Friday, July 13, 2012

Bay Street Rocks

September 6-9 2012

Short Animation for Bay Street Film Festival by Hubert den Draak

Films for the people

Since the inaugural festival in 2005, the Bay Street Film Festival has screened hundreds of films to thousands of Thunder Bay residents and visitors. Last year the festival ran from September 29th to October 2nd, featured 42 films from 12 different countries, including nine movies from local Thunder Bay filmmakers.
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Among the countries represented at the Festival were India, Germany, Finland, Spain, Serbia/Montenegro, France, Berundi, Belgium, the USA and, of course, Canada. We had our best turnout ever with an opening night packed house and excellent attendance throughout the festival. Heartfelt thanks to our volunteers and sponsors! We also welcomed 11 Docs North Participants and mentors, who came from as far away as Moose Factory, Hudson, Sioux Lookout and Geraldton. We look forward to seeing your films on the big screen in next years festival!If you want a sneak preview of their workshop films go to
One of the highlights of the Festival was the opportunity to discuss the films with local and visiting filmmakers themselves. Visiting filmmakers who attended this year: Alethea Arnaquq-Baril from Nunavut (*Tunnit: Retracting the Lines of Inuit Tattoos* and *Inuit High Kick*); Martin Bargiel from Germany (*Augenblicke*); Robert March from Great Britain (*Shrapnel*). From the US: Joshua Mellars (*Play Like a Lion*); and five from Canada: Pixie Cram (*Dreamcoat*), Michelle Latimer (*Choke*), Andre Gaumond (*Un fils*), Jocelyn Forgues (*Memoires d’un Magasin Generale*), Nilfur Rahman (*Foreign Film*)Manfred Becker and Amit Breuer (*Guantanamo Trap*)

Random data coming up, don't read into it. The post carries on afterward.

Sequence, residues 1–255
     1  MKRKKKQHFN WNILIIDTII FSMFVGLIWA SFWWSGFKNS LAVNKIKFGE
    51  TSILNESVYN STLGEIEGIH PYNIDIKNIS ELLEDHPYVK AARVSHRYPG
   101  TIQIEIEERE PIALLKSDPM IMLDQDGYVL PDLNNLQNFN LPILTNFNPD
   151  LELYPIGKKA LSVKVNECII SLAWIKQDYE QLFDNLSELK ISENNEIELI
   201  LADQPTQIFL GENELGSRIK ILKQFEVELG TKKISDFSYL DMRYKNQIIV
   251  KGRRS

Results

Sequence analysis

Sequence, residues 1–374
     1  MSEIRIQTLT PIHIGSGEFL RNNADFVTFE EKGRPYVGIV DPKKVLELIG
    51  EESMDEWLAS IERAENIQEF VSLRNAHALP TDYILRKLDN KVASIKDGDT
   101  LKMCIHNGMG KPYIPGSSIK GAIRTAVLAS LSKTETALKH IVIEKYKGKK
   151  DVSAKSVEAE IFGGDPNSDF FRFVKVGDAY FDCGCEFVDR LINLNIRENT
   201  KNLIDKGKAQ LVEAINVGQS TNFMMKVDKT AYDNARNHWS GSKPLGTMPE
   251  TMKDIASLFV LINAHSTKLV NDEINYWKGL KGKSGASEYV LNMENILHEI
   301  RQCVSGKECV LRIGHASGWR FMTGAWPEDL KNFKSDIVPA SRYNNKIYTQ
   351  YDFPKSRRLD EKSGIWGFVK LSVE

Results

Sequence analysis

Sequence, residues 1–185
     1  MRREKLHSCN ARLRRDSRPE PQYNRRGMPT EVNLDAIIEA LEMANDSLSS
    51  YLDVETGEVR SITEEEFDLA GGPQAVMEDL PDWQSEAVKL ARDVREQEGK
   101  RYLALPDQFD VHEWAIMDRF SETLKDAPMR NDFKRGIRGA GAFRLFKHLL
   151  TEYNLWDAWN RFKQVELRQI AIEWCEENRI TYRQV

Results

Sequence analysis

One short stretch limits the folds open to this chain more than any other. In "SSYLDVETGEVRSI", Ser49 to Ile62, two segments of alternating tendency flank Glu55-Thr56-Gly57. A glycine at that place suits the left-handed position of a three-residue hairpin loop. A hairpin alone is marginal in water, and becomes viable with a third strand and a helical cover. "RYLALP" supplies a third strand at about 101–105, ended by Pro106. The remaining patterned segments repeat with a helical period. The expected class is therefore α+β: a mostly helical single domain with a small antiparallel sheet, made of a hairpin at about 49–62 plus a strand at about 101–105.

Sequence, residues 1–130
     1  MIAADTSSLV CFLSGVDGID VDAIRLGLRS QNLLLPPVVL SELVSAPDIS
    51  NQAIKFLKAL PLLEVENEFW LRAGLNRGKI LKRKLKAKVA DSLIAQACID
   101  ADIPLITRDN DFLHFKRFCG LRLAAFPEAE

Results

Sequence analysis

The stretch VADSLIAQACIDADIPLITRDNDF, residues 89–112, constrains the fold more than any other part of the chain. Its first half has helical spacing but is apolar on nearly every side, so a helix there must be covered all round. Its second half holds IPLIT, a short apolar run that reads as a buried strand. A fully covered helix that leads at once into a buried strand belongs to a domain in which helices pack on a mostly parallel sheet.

Engaging People In Film:
The Bay Street Film Festival began as a way to showcase the great work being done by independent filmmakers locally and abroad. Started by a group of local filmmakers and film buffs known as the Flash frame Film and Video Network the goal was to create a unique film experience where audiences and filmmakers could make a face-to-face connection.

The Finnish Labour Temple is where the event is held. At Bay Street. This is Canada’s other Bay Street, once the epicenter of Finnish cultural and political activism in North America. In the recent years the Labour Temple has been rejuvenated as a community auditorium. With a large screen, sound system and seats for 300 people, the Finnish Labour Temple is a superb location for screening films and now thanks to the renovations that we all helped make possible, the hall is full accessible!
In addition to serving as a community auditorium, the Finnish Labour Temple is also the location of Thunder Bay’s famous Hoito Restaurant, where Finnish food is on the menu.

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